May 18, 2011
Why Is America’s Divorce Rate Highest in the World?
By Mike McManus
America’s divorce rate is the highest in the civilized world. By
one measure our divorce rate is triple that of Great Britain and France.
After five years of marriage, 23% of Americans have divorced, but only 8% of
British or French.
Divorce imposes a huge human cost, especially on children.
Every divorce is the destruction of a small civilization. Children of
divorce are three times as likely as those from intact homes to be expelled
from school or to have a baby out of wedlock as a teenager, six times as apt
to live in poverty and are far more likely to be incarcerated.
However, statistics do not reveal the emotional pain of divorce, which is
always particularly devastating for children. Michael Reagan, the son of
Ronald Reagan and Jane Wyman, wrote of his parents’ divorce:
“Divorce is where two adults take everything that matters to a
child – the child’s home, family, security, and sense of being
and protected – and they smash it all up, leave it in ruins on the
floor, then walk out and leave the child to clean up the mess.”
Ironically, his father, as Governor of California, signed
America’s first No Fault Divorce Law four decades ago. It swept the country
in the early 1970's. Divorces had already doubled in the 1960s but soared
after No Fault from 639,000 in 1969 to 1,036,000 by 1975. Before Reagan
signed the law, to get a divorce one spouse had to prove the other was
guilty of a major “fault” such as adultery or physical abuse. If there was
no alleged fault and both wanted the divorce, one might accuse the other of
adultery while the spouse remained silent, This collusion was denounced by
feminists and attorneys. “No Fault” was considered a reform because no fault
had to be alleged to get a divorce. One person simply asserted the marriage
had “irreconcilable differences” and always got it.
However, divorce is opposed in four out of five cases by the other spouse.
What was entered into by two people voluntarily is being terminated by one
spouse acting unilaterally. No Fault Divorce actually violates the
Constitution. The 5th and 14th Amendments guarantee
that “no person be deprived of life, liberty or property without due process
of law.” How can there be “due process” if the spouse who wants to save the
marriage always loses? That’s unjust.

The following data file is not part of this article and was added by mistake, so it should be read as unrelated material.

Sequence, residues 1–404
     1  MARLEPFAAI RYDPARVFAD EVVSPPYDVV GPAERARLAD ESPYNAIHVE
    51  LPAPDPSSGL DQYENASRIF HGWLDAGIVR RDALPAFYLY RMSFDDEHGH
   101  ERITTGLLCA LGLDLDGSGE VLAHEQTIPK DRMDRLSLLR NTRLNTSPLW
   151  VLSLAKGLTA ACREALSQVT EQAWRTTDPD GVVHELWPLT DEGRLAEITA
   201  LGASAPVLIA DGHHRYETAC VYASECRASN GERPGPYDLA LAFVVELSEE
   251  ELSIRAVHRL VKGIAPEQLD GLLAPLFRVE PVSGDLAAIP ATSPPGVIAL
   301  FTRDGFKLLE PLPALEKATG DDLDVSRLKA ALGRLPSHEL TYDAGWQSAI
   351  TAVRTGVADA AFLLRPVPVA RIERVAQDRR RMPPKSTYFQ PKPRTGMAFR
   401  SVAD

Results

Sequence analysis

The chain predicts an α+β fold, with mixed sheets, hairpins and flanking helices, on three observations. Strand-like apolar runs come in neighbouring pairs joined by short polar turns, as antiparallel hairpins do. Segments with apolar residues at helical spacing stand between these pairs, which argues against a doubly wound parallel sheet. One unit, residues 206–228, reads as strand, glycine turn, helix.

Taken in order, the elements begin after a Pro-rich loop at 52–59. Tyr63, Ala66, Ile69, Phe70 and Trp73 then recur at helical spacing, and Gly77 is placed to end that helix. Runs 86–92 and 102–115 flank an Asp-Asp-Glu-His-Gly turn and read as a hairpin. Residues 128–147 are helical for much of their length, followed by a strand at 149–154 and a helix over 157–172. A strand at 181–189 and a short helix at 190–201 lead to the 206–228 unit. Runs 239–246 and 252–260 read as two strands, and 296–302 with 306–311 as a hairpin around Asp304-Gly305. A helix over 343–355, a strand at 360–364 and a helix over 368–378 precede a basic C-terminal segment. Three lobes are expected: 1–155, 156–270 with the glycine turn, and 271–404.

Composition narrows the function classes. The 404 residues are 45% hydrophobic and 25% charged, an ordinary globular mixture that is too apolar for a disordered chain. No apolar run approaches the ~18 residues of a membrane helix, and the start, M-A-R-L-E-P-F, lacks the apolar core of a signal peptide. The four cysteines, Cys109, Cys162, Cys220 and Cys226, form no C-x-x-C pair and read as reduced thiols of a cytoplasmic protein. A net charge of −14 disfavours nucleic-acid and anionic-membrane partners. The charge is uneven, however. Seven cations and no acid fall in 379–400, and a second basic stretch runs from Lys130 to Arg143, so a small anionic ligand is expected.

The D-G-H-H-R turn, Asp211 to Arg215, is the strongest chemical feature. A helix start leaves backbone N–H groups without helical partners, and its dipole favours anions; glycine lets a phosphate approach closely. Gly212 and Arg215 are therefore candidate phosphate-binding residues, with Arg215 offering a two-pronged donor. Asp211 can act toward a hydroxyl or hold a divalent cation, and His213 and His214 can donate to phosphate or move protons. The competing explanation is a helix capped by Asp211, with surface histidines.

system is fairer in Britain and France. If one spouse wants a No Fault
Divorce, and it is opposed by a mate, the couple must live apart five years
in Britain or six years in France. That time allows for much
reconciliation. However, 32 states have no waiting period, offering
no time for reconsideration. No wonder our divorce rate is three times
There are economic consequences to these divorces. On average each
divorce involves one child, which makes that family eligible for welfare,
Medicaid, food stamps and a plethora of subsidies. The Heritage Foundation
estimates that each divorce costs taxpayers $20,000, or $20 billion a year
with a million divorces annually. Each of the 1.7 million unwed births cost
another $20,000 each or $34 billion.
states are facing yawning budget deficits for the fourth year in a row.
State budget gaps total $112 billion for fiscal year 2012. Why? The
recession is one reason. However, America’s
high divorce rate and the failure of millions to marry are the driving force
behind soaring state and federal deficits.
An anti-marriage bias lies behind these trends. State law – such as
No Fault Divorce - promotes divorce. A “Parental Divorce Reduction Act,”
being considered by 13 states, would require a year’s waiting period before
any divorce becomes final. Also, couples would be required to take
pre-filing classes to learn the impact of divorce on both children and
adults. And they must attend marriage education classes to learn how to
resolve conflict amicably. That’s a double strategy to reduce divorce.
Similarly, state laws discourage marriage. States assume that an
unmarried mother is a single parent needing big subsidies. However, in more
than half the cases, she is cohabiting with the father, and benefits from
his income as if she were married. In effect, the state is subsidizing
couples to cohabit, rather than encouraging them to marry. And if a
cohabiting couple marries, they lose most subsidies. No wonder the marriage
rate has plunged 31% in only 19 years.
It’s time for state government to promote and preserve marriage – not
divorce and cohabitation